(Photo above by Lisa Fiotos / Pexels)
On every level, Buddhism rejects racism. One foundational Buddhist concept is dependent origination, meaning, at the most profound level, all life is interconnected—that nothing exists in isolation.
In his 1993 Harvard University lecture, the Buddhist philosopher Daisaku Ikeda explains the Buddhist notion of the interrelationship of all things:
Each living thing manifests the enlightenment of which it is capable; each contributes to the harmony of the grand concert of symbiosis. In Buddhist terminology, dependent origination describes these relationships. No person or thing exists in isolation. Every being functions to create the environment that sustains all other existences. All things are mutually supporting and interrelated, forming a living cosmos, what modern philosophy might term a semantic whole. That is the conceptual framework through which Mahayana Buddhism views the natural universe.
My Dear Friends in America, third edition, p. 345.
Simply put, it means that to harm another is to harm yourself. Inversely, to support and care for another person is to also care for and support yourself.
When people do not grasp or appreciate their connections with others, it gives rise to a sense of isolation, mistrust, hostility or apathy. It leads to a society based upon fragile human relationships that are easily fractured.
From the perspective of Buddhism, that which creates trust, respect and harmony among people can be described as good. That which divides people, causing disrespect and mistrust, is not only bad, but evil.
The pathology of divisiveness drives people to an unreasoning attachment to difference and blinds them to human commonalities. This is not limited to individuals but constitutes the deep psychology of collective egoism, which takes its most destructive form in virulent strains of ethnocentrism and nationalism.
My Dear Friends in America, third edition, p. 446.
Hierarchies Desecrate the Sanctity of Life
Any form of racism or discrimination is outright rejected in Buddhism—it is considered an evil. Creating what Ikeda terms as the “hierarchy of value” breaks this most fundamental teaching of Buddhism, namely that each life form is inseparable and therefore must be equally respected and valued. Such hierarchy actually desecrates the sanctity of life.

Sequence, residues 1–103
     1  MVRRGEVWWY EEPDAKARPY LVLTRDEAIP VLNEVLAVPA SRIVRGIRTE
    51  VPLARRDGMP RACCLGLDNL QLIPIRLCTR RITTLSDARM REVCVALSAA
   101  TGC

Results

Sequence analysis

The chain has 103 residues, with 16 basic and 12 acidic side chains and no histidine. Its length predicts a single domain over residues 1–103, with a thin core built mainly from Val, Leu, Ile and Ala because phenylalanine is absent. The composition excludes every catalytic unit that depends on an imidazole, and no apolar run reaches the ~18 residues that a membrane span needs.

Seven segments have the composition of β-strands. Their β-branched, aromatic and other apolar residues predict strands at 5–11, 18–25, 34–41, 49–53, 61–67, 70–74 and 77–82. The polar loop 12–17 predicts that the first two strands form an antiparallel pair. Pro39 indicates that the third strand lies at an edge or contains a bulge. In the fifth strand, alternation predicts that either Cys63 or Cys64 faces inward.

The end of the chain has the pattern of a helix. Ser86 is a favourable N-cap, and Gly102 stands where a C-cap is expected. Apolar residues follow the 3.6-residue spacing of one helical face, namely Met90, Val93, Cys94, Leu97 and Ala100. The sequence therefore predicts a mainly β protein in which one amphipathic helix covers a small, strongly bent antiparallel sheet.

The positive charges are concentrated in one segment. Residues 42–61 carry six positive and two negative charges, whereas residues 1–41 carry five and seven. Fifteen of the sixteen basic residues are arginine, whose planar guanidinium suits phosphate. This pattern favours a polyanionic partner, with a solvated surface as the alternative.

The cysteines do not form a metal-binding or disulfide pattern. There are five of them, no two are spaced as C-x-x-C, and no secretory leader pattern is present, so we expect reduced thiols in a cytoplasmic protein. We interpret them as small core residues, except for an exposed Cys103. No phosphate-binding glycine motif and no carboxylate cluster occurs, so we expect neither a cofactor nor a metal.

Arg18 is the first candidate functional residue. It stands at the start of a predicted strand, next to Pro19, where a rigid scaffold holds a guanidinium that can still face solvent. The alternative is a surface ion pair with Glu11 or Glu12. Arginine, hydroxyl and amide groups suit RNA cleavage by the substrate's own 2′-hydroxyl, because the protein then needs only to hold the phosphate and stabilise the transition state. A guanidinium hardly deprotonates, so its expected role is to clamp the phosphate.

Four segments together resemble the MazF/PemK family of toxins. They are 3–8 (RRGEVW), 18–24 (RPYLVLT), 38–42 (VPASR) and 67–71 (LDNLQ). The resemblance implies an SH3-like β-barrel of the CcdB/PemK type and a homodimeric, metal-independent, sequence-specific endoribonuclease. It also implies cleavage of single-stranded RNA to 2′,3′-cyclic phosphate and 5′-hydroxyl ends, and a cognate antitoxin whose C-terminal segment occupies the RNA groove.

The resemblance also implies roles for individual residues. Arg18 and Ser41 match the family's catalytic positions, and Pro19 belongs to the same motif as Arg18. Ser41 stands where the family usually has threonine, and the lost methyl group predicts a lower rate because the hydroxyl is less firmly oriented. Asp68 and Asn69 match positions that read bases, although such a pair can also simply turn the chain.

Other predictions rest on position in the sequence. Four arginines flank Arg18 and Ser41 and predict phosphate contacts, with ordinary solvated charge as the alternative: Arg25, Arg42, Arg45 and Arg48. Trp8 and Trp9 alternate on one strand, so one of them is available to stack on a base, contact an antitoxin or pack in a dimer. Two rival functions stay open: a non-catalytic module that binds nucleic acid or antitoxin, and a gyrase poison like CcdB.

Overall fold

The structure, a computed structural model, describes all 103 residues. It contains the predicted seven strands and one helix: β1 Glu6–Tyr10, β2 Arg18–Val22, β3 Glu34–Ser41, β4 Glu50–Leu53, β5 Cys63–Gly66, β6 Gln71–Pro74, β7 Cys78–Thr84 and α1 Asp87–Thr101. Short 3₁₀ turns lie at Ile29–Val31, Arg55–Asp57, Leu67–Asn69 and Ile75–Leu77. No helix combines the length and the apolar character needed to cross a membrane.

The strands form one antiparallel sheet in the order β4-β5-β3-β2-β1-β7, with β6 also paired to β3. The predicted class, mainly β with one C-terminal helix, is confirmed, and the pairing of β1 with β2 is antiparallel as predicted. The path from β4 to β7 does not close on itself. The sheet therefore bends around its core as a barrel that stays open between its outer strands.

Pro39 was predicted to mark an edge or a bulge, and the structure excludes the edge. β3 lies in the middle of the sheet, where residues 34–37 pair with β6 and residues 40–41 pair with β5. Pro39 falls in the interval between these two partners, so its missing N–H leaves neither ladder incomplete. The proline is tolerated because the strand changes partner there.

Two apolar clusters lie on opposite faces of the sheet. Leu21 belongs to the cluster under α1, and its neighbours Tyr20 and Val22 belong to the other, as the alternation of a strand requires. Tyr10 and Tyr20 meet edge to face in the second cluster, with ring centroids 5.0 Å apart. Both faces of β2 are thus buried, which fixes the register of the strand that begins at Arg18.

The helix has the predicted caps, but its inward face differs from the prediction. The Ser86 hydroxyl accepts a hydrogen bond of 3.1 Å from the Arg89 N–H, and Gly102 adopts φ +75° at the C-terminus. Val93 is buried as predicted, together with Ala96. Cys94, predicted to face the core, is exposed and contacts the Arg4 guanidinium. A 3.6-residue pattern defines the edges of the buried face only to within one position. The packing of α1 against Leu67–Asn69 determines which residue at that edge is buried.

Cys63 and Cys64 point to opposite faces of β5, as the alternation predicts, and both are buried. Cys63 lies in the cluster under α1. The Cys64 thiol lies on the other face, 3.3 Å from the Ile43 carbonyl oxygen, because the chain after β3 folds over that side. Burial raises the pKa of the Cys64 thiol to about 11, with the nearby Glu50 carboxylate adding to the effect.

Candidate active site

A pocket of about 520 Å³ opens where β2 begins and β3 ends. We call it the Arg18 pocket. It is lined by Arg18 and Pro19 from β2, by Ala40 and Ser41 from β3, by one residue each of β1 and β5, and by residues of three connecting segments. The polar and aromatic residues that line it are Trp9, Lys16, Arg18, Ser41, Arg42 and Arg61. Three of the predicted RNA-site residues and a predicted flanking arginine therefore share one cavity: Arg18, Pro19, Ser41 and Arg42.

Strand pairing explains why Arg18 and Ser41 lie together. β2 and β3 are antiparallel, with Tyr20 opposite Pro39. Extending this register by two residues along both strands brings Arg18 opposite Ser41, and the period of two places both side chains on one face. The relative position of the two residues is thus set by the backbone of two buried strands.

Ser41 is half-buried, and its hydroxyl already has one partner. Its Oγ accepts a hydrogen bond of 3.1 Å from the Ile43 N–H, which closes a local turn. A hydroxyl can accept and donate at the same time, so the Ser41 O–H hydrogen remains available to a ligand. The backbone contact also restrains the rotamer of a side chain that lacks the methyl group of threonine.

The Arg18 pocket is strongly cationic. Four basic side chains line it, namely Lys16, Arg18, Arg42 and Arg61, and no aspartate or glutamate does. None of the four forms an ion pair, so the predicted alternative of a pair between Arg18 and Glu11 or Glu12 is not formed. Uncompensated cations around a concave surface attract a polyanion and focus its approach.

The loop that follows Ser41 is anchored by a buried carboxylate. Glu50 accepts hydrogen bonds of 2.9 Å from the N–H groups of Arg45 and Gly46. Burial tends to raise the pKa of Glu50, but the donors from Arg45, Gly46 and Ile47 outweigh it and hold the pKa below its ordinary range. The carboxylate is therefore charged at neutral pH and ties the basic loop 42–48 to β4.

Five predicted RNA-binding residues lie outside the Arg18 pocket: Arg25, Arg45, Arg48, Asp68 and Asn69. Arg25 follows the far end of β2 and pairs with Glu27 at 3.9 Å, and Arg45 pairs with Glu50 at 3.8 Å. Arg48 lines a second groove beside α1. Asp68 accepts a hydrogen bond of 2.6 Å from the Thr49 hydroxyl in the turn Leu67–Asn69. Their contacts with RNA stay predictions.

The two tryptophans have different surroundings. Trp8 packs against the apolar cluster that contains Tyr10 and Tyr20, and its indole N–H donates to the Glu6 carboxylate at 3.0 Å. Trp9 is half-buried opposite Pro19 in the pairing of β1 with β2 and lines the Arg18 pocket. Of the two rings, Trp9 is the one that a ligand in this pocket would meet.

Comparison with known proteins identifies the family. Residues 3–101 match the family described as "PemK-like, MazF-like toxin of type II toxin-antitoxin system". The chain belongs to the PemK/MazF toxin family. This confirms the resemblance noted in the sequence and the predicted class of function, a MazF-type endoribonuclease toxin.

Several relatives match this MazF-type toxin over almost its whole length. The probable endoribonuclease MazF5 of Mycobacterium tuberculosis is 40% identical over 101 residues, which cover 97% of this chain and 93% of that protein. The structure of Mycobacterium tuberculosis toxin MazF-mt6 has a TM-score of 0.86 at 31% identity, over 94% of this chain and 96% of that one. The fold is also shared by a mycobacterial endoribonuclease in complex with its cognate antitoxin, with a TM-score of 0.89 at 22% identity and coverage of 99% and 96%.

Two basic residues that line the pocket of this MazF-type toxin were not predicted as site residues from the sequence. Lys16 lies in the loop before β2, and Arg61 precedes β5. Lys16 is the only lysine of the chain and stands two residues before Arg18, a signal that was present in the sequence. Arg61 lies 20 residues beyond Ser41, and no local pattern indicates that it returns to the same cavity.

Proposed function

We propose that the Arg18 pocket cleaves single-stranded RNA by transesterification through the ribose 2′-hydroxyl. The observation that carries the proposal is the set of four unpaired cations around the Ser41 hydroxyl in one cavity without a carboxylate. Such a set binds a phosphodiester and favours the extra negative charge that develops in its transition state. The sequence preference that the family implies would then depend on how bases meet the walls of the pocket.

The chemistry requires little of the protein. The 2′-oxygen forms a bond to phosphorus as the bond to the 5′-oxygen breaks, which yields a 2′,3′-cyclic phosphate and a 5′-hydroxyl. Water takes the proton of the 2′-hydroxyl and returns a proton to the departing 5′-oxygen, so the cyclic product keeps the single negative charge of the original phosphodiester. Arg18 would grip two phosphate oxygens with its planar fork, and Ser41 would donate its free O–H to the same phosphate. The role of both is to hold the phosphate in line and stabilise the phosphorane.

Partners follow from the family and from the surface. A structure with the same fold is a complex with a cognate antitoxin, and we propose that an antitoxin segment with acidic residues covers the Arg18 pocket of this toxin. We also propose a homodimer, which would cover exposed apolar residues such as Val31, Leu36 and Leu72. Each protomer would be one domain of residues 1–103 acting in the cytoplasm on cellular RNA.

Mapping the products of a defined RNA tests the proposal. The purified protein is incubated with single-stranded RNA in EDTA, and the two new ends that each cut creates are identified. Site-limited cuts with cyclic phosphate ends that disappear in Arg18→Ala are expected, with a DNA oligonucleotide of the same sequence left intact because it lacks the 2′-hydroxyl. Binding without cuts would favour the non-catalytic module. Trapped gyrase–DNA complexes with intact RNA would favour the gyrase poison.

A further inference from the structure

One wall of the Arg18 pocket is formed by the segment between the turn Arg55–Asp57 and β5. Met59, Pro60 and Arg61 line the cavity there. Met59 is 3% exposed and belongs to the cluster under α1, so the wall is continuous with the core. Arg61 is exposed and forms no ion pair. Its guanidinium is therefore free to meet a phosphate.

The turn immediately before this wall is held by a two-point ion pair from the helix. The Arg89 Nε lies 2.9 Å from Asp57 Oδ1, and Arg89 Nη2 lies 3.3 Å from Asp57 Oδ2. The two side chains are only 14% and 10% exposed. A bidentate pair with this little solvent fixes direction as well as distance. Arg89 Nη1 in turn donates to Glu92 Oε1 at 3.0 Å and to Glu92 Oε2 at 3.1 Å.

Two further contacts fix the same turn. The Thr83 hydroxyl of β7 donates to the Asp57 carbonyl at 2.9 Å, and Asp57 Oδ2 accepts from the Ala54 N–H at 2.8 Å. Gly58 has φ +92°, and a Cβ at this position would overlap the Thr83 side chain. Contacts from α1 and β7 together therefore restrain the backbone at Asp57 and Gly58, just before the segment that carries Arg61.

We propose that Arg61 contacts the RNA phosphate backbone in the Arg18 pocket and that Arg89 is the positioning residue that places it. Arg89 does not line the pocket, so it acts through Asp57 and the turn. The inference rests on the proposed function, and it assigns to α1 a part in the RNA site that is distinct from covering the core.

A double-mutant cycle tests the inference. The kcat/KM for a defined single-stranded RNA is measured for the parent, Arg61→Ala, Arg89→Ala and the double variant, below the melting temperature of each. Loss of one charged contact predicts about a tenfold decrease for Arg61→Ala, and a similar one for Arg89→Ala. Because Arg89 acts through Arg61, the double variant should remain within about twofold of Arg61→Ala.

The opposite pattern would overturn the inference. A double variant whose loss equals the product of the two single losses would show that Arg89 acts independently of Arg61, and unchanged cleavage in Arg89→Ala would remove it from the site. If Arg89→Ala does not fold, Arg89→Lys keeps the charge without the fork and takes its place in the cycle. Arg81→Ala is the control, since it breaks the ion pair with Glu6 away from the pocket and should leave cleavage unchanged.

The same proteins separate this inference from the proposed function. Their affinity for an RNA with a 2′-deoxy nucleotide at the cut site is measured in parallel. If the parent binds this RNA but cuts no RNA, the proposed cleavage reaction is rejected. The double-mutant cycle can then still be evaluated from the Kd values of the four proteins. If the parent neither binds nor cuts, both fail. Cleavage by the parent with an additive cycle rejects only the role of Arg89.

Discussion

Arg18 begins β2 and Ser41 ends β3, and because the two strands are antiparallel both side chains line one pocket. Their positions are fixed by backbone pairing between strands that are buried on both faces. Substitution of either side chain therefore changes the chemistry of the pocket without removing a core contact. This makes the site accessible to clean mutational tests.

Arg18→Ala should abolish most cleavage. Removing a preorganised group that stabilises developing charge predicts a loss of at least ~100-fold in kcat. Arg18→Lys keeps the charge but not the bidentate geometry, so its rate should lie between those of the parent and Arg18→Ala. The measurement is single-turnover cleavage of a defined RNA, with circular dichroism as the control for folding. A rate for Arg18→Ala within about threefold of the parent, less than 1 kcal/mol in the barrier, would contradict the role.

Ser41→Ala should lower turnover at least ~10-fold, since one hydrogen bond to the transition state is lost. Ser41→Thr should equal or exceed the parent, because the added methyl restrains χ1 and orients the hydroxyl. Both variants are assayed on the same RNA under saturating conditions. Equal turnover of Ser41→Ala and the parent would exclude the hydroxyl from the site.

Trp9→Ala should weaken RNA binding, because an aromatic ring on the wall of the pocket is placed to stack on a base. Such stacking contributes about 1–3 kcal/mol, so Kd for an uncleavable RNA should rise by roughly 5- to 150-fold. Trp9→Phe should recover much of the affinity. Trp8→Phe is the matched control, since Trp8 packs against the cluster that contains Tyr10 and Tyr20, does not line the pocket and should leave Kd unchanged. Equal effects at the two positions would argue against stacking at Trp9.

Any form of racism or discrimination is outright rejected in Buddhism—it is considered an evil.
For Buddhists, chanting Nam-myoho-renge-kyo is how we win over any form of egoism or tendency in our life that allows us to think we are either better or worse than other people. In fact, chanting is a direct call to action to transform ourselves and care for others, because our existence is connected to each person.
Though we see countless examples of dehumanization in our world, Buddhism is a means for empowering ourselves to create change within and without. Every person has the right and ability to change the world. Buddhability is a reminder of that fact.
For Buddhists, Rejecting Racism Is Part of Our Daily Practice
To support such inner transformation, Nichiren Daishonin shares in a treatise written in 1260 (Side note: ahead of the times, even for 2021), “Therefore, you must quickly reform the tenets that you hold in your heart” (The Writings of Nichiren Daishonin, vol. 1, p. 25). Ikeda elaborates on this point:
Politics, business, industry, education—all of these are the creations of human beings. That being the case, if anything requires reform, at heart, it is human beings themselves, the creators of all these institutions. Nichiren Buddhism teaches the path of human revolution, and the Soka Gakkai (SGI) is promoting this as a grass-roots movement. (June 2013 Living Buddhism, pp. 41–42)
The Lotus Sutra was taught by Shakyamuni Buddha, or Siddhartha as he is sometimes referred to, for the purpose of ensuring that all people—without exception—believe in their inherent dignity and worth.
The 13th-century Buddhist reformer Nichiren Daishonin developed the daily practice of chanting the Lotus Sutra’s title, Myoho-renge-kyo, together with the word “Nam,” meaning “to dedicate one’s life.” Chanting, in essence, is a tool we use each day to awaken to truth that our life has limitless dignity, courage, wisdom and compassion. Chanting also opens our eyes to these same qualities in the lives of other people.
For Buddhists, every day is a chance to fight for the dignity of each person’s life, and this fact will never change no matter how the times change. Because from the Buddhist perspective, every person has value, and that’s it. No ifs, ands or buts.
For Buddhists, every day is a chance to fight for the dignity of each person’s life, and this fact will never change no matter how the times change.